Actors: Elaine Stritch, Tina Fey, Alec Baldwin
Director: Chiemi Karasawa
Format: Multiple Formats, Color, Widescreen, NTSC
Subtitles: English, Spanish
Aspect Ratio: 1.77:1
Number of discs: 1
Rated: NR (Not Rated)
Studio: MPI HOME VIDEO
DVD Release Date: June 24, 2014
Run Time: 81 minutes
My grandfather was an actor his entire life. From a lengthy list of stage shows that he was involved in to a familiar filmography of TV shows and films, Victor Izay had a successful career as a performer that carried on well into his 80s. Weeks before his death at 90 years old, he was still reciting Shakespeare and Edgar Allen Poe, and so I found this documentary about 87-year-old actress Elaine Stritch to be remarkably familiar. Shoot Me captures the spirit of a performer perfectly, especially in showing struggles of the spotlight with the increased difficulty of aging. Elaine Stritch is a unique personality, but my experience with my grandfather showed me that there is also a great deal of universal truth in her individual struggles.
Although Stritch may be best known now for her scene-stealing performance playing Alec Baldwin’s mother on the hit show “30 Rock,” most of her career was carried out onstage. Broadway legend and Tony Award-winner, Stritch prepares and performs a new show featuring only songs from Stephen Sondheim during the course of this documentary, which highlights some of her struggles. Remembering the lyrics of the songs is often difficult, and I know that this fear was a major reason that my grandfather stopped taking new jobs later in his career. There is also a great physical demand in the energy required for performing, and news of a canceled show delights rather than disappoints Stritch at one point in the process.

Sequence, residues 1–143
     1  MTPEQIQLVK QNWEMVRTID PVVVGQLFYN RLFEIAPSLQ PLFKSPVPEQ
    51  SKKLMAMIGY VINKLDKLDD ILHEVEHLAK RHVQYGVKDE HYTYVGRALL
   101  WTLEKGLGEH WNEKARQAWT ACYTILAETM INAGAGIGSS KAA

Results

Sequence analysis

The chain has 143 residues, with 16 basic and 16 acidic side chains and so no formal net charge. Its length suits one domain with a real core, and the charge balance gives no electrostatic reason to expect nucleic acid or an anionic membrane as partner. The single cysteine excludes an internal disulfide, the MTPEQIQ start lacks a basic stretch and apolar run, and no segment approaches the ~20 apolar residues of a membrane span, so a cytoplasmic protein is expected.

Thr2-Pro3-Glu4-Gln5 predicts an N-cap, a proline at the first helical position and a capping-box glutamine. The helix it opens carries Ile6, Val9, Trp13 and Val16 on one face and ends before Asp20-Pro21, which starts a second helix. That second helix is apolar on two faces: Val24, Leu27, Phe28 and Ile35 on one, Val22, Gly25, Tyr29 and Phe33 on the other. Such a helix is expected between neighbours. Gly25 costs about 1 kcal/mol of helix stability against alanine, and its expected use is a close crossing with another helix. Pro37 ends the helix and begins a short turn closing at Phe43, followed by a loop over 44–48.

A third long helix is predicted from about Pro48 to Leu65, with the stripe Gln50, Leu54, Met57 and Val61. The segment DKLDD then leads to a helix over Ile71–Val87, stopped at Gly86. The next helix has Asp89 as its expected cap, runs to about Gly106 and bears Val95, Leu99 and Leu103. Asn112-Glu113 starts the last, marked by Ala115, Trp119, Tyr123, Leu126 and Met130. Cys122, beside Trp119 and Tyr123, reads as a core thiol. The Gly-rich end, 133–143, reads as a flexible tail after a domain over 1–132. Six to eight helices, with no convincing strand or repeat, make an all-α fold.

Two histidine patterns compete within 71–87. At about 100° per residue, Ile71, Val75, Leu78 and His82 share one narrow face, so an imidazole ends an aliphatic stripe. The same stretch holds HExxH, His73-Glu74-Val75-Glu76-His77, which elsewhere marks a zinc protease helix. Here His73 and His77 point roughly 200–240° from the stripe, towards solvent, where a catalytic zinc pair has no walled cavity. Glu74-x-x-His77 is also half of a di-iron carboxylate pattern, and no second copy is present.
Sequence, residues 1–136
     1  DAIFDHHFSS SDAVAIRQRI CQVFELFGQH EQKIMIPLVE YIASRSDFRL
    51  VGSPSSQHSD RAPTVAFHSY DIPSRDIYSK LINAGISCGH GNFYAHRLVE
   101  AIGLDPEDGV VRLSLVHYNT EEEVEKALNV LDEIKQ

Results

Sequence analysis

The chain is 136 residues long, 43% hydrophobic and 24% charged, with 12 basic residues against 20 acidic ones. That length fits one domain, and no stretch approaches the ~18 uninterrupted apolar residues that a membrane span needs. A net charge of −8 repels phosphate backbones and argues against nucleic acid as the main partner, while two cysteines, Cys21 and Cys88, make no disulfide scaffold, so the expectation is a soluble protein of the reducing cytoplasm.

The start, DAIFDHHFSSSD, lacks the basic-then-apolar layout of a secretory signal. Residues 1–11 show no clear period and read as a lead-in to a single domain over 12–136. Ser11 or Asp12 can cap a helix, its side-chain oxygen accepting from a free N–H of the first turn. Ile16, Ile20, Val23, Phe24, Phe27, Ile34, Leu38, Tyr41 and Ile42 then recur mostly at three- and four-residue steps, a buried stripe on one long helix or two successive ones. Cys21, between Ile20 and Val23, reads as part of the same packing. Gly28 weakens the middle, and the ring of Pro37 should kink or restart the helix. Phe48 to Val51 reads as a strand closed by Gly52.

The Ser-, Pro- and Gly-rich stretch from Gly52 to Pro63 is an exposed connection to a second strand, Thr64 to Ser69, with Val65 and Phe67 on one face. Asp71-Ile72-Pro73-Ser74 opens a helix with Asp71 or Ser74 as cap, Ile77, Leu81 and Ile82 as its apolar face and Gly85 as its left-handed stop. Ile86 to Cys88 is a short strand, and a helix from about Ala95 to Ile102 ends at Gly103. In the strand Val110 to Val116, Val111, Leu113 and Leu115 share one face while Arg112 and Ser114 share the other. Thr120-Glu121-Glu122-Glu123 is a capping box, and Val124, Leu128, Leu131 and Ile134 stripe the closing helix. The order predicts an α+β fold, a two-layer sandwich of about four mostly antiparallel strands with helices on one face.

As well as the effort put into her latest performances, Shoot Me gives an intimate look at some of Stritch’s personal struggles as well. Diabetes is an every-day issue which must be dealt with, affecting her mentally as much as physically. This is often made more difficult by her self-proclaimed love of alcohol, returning to drinking moderately after struggling with alcoholism for much of her life. Interestingly, you can’t really separate Stritch’s medical issues from her performing, because of how often the two inevitably collide with each other. Thankfully, despite some somber moments of serious introspection about aging and death, Shoot Me manages to capture the essence of Elaine Stritch’s zest for life as a nice counter-balance.
The DVD release includes even more of Stritch’s personality in a handful more deleted scenes, as well as some behind-the-scenes footage from the photo shoot for the film’s poster. Also included are outtakes from some of the interviews done by the many stars she has worked with, including Baldwin, Hal Prince, George C. Wolfe, Nathan Lane, Cherry Jones, Tina Fey, the late James Gandolfini, and John Turturro.
Entertainment Value: 7.5/10
Quality of Filmmaking: 7/10
Historical Significance: 7/10
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